|JOHNSON, TIMOTHY - Orise Fellow
Submitted to: Poultry Science
Publication Type: Peer Reviewed Journal
Publication Acceptance Date: 11/18/2017
Publication Date: 3/5/2018
Citation: Sylte, M.J., Inbody, M.H., Johnson, T., Looft, T.P., Line, J.E. 2018. Evaluation of different Campylobacter jejuni isolates to colonize the intestinal tract of commercial turkey poults and selective media for enumeration. Poultry Science. 97(5):1689-1698. https://doi.org/10.3382/ps/pex384.
Interpretive Summary: Campylobacter jejuni is the main bacterial foodborne disease in humans and ingesting contaminated poultry products is the most common route by which humans become exposed. Reducing the amount of Campylobacter in turkeys before they go to slaughter may reduce the amount of Campylobacter in retail poultry products, and lower disease transmission to humans. In order to test strategies to limit Campylobacter in turkeys, research models must be developed using relevant strains of the bacteria for testing in turkeys. We have identified isolates of Campylobacter jejuni that colonize the intestinal tract of turkeys, and identified a specific culture system to precisely determine the number of Campylobacter bacteria in turkey intestinal samples. We also determined the preferred site in the intestinal tract of turkeys where Campylobacter jejuni can be found. Our results provide vital information for scientists to develop and test strategies that reduce the amount of Campylobacter in turkeys, which will promote a safe food supply and benefit consumers of retail turkey products.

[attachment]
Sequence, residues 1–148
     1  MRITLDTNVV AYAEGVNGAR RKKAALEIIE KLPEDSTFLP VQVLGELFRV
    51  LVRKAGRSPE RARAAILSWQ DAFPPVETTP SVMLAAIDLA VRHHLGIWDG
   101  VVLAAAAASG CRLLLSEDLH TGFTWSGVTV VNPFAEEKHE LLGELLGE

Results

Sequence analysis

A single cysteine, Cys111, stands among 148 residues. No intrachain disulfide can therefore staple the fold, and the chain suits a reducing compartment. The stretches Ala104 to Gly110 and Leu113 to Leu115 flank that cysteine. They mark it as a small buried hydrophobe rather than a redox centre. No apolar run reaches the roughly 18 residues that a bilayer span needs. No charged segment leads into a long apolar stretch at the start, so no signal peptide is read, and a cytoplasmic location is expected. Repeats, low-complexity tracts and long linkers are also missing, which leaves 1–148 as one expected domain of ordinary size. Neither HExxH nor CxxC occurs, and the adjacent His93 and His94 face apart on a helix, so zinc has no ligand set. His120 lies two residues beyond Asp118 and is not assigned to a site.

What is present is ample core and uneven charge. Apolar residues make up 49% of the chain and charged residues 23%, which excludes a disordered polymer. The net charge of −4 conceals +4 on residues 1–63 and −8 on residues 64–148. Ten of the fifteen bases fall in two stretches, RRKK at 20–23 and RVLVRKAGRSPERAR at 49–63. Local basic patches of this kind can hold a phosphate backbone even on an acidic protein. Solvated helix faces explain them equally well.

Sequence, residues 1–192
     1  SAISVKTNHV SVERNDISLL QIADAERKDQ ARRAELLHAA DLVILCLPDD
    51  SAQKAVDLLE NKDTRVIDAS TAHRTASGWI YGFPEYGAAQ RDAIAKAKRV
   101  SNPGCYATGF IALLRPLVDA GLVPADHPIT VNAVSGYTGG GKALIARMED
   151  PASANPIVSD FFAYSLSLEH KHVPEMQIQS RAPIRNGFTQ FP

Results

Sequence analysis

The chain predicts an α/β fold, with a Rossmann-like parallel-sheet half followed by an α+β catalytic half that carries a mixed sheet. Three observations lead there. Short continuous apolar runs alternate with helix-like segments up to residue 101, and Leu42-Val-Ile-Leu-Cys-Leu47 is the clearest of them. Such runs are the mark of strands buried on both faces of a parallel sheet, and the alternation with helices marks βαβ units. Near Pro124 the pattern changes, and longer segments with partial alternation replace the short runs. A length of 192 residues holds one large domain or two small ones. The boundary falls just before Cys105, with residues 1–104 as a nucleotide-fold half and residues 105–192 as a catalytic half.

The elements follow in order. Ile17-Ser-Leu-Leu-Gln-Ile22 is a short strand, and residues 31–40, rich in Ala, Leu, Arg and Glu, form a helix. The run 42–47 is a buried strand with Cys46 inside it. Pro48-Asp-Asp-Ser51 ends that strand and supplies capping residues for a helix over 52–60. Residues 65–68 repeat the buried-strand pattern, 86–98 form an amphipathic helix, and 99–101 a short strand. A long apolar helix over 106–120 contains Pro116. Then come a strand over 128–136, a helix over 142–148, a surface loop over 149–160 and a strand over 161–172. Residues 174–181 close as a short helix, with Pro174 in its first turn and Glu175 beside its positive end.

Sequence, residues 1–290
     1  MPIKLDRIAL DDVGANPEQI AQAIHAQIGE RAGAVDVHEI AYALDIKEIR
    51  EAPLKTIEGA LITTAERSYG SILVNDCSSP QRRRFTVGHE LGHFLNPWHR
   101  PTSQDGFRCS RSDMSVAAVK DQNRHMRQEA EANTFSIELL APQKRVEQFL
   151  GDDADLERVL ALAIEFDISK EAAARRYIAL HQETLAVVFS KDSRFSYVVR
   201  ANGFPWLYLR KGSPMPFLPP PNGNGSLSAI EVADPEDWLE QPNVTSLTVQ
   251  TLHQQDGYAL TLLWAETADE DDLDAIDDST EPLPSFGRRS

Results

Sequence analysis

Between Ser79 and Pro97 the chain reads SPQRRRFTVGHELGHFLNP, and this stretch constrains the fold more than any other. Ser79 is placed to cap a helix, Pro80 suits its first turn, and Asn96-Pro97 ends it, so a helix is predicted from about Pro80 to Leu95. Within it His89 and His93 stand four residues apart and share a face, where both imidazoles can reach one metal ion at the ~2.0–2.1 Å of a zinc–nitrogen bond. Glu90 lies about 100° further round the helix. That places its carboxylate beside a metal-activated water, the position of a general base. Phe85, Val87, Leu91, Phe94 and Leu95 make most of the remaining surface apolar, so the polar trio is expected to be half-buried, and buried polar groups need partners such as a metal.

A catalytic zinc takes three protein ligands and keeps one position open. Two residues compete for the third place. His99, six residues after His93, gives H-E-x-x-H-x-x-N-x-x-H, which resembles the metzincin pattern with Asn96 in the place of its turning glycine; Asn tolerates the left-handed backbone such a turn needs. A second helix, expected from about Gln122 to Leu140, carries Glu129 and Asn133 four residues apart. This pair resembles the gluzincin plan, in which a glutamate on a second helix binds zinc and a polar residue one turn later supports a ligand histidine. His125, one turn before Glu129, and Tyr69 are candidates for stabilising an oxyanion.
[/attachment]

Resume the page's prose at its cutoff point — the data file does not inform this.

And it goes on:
Technical Abstract: Consumption of contaminated poultry products is the main source of human campylobacteriosis, which Campylobacter jejuni is responsible for 90 percent of human cases. Although chickens are believed to be a main source of human exposure to C. jejuni, turkey also contributes to cases of human infection. Little is known about the kinetics of C. jejuni intestinal colonization in turkeys, or best selective media for their recovery. Enumeration of C. jejuni from intestinal samples can be challenging because most selective Campylobacter media support the growth of non-Campylobacter organisms. In this study, we sought to identify a) C. jejuni isolates that persistently colonize different compartments of the poult intestinal tract, and b) selective media to enumerate C. jejuni from turkey intestinal samples. Isolates were selected by evaluating motility and in vitro growth. Three week-old poults were orally colonized with C. jejuni isolates NCTC 11168 or NADC 20827 (isolated from a turkey flock). Mock-colonized poults were orally gavaged with uninoculated media. Poults were euthanized at days 3, 7, and 21 post-colonization and direct plated on different selective Campylobacter media (Campy Line agar with sulfamethoxazole (CLA-S), CHROMagar Campylobacter (CAC) and Campy Cefex) for enumeration. Isolates NCTC 11168 and NADC 20827 poorly colonized the distal ileum. Both isolates colonized the colon, but the number of NADC 20827 significantly decreased at day 21. Isolates NCTC 11168 and NADC 20287 persistently colonized the cecum for up to 21 days. There was no significant difference in the Campylobacter amount recovered on CLA-S and CAC. Campy Cefex failed to prevent growth of background microbes to enumerate C. jejuni from turkey samples. Two independent PCR assays (multiplex PCR and qPCR) confirmed that colonies grown on CLA-S or CAC were C. jejuni. Data from this study demonstrated that isolates NCTC 11168 and NADC 20827 persistently colonized the cecum, and CLA-S or CAC were successful to enumerate Campylobacter from intestinal samples. These findings will be useful to evaluate the host-response by C. jejuni in turkeys, and test pre-harvest strategies to reduce its colonization and promote food safety.